Automated in-vehicle emergency calling is gaining traction but current solutions fail to provide blanket coverage, says Greg Ewert.
Self-driving vehicles will dramatically reduce or altogether eliminate motor vehicle accidents and accompanying casualties, fatalities and property damage. That is the hope of the automotive community of manufacturers, suppliers, regulators and visionaries working to make autonomously operated vehicles a reality.
NHTSA estimates that 94% of the time, accidents resulting in fatalities are caused by human error. If humans can be taken out the equation, logic suggests our roads invariably will become safer but we’re not there yet.
Until then, unfortunately, accidents will happen. People will continue to drive tired, aggressively, impaired by drugs and alcohol, angry, distracted or just plain poorly.
With this reality, regulators and the automotive community now are working to arm connected cars with automated emergency calling technology intended to give drivers and passengers involved in a wreck a better chance of getting needed help, while providing authorities and emergency responders with the ability to more quickly and accurately locate and respond to a crash site.
Vehicles equipped with automated emergency call technology can signal authorities when a crash has occurred and transmit vital location data, essentially giving the vehicle the ability to communicate with authorities even if the driver is incapacitated, and provide more granular data regarding location, type of incident, and occupants than even an alert driver or passenger can provide.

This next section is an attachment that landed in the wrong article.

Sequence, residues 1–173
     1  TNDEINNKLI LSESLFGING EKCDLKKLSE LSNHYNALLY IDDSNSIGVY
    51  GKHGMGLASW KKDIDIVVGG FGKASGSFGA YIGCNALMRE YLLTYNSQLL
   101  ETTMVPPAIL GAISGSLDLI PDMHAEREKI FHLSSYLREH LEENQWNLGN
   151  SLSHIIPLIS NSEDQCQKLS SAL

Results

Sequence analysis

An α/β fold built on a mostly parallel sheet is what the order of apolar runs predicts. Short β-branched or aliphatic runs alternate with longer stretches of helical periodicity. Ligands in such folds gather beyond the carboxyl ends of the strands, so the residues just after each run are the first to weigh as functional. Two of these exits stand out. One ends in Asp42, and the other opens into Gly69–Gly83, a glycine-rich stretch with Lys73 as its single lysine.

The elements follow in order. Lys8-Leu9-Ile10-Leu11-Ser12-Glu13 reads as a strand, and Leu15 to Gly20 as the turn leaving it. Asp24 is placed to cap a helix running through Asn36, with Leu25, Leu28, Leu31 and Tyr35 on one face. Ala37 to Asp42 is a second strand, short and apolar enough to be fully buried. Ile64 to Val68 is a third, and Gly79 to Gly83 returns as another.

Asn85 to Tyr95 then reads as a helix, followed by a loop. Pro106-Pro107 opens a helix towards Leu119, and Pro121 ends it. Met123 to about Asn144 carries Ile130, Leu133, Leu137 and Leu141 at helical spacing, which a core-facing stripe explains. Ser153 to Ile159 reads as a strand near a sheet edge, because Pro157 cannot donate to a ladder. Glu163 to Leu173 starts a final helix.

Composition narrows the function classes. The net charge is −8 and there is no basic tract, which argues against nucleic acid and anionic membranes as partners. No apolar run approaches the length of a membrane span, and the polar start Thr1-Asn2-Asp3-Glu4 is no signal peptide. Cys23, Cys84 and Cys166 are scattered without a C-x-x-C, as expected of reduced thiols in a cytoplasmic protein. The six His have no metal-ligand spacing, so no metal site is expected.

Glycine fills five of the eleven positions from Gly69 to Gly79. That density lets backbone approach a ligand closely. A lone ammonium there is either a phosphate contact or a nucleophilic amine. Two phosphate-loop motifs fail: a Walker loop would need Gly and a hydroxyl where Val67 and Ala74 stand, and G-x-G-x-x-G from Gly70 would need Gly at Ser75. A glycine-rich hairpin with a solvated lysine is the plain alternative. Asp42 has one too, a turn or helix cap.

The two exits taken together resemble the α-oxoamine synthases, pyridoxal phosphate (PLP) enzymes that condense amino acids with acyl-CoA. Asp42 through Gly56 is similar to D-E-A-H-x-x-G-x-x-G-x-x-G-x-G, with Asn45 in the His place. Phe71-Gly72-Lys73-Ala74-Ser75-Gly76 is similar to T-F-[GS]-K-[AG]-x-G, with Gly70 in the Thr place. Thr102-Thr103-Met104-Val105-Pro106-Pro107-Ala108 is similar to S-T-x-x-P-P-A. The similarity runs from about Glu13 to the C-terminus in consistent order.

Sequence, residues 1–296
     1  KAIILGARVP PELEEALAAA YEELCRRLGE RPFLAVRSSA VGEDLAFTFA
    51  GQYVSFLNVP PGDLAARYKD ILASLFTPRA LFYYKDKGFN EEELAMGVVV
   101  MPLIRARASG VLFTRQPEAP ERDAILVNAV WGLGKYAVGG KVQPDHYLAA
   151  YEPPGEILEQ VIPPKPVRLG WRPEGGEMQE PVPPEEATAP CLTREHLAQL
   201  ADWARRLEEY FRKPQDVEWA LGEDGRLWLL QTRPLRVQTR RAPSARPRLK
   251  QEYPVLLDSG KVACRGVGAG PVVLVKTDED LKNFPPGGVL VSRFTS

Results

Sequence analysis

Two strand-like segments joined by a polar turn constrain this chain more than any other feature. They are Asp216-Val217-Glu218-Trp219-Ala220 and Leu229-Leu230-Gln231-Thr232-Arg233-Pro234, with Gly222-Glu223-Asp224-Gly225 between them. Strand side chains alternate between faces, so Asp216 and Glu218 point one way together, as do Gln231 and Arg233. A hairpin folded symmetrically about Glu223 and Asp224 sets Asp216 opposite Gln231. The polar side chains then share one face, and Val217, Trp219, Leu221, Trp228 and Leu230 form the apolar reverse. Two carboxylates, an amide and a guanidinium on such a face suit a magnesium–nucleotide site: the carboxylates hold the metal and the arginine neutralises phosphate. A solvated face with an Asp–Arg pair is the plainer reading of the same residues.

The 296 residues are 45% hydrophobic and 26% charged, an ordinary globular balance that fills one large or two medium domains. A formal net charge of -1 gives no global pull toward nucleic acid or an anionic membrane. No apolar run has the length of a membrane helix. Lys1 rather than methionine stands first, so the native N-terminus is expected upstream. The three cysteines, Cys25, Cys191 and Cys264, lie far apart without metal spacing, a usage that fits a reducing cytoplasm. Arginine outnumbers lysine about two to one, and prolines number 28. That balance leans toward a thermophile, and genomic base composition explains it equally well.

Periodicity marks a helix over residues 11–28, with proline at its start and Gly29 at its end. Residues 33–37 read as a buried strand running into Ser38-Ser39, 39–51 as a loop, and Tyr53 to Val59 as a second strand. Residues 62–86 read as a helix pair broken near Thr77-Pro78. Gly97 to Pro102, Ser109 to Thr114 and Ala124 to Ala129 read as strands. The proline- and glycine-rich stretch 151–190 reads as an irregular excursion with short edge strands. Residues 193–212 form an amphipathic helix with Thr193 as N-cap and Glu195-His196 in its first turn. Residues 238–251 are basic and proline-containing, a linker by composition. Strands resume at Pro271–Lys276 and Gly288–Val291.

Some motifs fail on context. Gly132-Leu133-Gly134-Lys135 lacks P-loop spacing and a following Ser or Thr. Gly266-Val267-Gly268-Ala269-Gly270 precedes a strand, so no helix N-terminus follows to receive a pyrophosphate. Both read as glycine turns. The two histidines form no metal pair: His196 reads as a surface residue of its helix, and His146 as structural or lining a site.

In some cases, the system also may be able to establish a voice call between those inside the vehicle and emergency response. With Automated Crash Notification (ACN), or eCall, the vehicles’ nerve centre can detect whether an airbag deployed or if there was a sudden deceleration or acceleration and send codes to responders to advise as to what might have happened in the vehicle. This article first appeared in WardsAuto.
12 Jun 2018 - 14 Jun 2018, London, UK
Innovations in autonomous vehicles, data & AI, electric vehicles and shared mobility are set to revolutionise the transportation sector. However, before sustainable, seamless, intermodal transportation can be realised, a brand new ecosystem of cities, automakers, tech & infrastructure companies and MasS providers needs to develop.